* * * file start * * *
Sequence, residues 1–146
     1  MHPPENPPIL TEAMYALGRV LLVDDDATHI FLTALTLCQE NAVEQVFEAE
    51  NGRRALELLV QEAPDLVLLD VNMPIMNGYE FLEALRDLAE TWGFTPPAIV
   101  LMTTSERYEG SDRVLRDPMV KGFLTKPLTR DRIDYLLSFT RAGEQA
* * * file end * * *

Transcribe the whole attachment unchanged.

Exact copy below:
Sequence, residues 1–146
     1  MHPPENPPIL TEAMYALGRV LLVDDDATHI FLTALTLCQE NAVEQVFEAE
    51  NGRRALELLV QEAPDLVLLD VNMPIMNGYE FLEALRDLAE TWGFTPPAIV
   101  LMTTSERYEG SDRVLRDPMV KGFLTKPLTR DRIDYLLSFT RAGEQA